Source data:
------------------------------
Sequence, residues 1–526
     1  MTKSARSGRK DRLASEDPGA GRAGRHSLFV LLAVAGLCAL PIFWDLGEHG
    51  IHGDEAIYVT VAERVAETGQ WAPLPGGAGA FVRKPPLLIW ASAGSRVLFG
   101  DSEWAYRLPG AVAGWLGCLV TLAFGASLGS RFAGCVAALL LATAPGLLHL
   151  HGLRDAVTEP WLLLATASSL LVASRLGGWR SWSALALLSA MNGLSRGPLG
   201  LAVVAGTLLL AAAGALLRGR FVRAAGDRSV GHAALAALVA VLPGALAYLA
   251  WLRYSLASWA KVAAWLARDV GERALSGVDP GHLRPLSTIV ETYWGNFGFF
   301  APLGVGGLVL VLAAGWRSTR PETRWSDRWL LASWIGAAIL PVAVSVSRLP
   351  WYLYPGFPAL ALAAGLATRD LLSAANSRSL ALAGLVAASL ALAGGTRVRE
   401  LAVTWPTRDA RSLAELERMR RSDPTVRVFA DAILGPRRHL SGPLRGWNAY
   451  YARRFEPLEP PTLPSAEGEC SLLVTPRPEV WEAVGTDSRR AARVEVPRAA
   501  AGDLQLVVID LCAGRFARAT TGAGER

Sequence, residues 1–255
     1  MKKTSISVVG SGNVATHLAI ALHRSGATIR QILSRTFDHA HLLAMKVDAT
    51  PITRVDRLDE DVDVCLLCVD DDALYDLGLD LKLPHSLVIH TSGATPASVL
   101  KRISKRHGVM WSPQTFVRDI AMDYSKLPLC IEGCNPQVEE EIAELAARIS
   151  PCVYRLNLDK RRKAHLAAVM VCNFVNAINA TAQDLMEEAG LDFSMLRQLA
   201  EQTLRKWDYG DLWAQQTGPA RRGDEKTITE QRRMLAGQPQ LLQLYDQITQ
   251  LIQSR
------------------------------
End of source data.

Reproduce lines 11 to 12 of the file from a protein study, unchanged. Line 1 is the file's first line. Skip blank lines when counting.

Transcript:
   451  YARRFEPLEP PTLPSAEGEC SLLVTPRPEV WEAVGTDSRR AARVEVPRAA
   501  AGDLQLVVID LCAGRFARAT TGAGER